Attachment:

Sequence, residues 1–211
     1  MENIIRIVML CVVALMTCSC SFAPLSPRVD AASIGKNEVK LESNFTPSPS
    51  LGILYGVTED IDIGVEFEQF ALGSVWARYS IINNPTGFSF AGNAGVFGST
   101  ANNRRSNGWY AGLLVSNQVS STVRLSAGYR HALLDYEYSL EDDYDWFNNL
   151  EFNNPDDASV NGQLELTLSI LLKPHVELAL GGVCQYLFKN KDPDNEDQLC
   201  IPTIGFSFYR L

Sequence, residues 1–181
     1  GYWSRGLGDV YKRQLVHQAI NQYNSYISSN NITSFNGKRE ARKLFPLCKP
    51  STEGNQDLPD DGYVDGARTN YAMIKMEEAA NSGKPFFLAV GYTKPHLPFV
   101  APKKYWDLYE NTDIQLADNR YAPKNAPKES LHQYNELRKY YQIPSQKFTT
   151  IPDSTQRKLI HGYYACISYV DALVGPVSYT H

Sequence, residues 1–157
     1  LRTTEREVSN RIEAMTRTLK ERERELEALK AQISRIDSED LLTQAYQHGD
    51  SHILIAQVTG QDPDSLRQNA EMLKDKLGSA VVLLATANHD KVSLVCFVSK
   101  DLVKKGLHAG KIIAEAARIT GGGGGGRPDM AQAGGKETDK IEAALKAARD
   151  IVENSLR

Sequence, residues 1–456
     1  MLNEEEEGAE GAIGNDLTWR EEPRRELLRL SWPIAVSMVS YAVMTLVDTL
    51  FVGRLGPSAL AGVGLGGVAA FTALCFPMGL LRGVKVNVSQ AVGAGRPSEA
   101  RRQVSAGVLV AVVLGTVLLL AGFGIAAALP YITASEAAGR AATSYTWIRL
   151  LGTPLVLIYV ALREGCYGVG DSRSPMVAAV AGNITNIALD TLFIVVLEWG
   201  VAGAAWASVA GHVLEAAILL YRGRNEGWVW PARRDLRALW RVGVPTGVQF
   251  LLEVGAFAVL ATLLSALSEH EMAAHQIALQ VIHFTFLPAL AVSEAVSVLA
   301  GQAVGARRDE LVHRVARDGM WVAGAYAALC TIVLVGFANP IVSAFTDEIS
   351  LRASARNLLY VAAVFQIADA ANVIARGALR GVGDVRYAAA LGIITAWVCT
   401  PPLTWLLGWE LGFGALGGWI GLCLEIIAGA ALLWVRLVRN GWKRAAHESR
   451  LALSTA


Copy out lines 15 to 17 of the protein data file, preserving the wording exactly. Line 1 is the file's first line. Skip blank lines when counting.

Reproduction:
   101  DLVKKGLHAG KIIAEAARIT GGGGGGRPDM AQAGGKETDK IEAALKAARD
   151  IVENSLR

Sequence, residues 1–456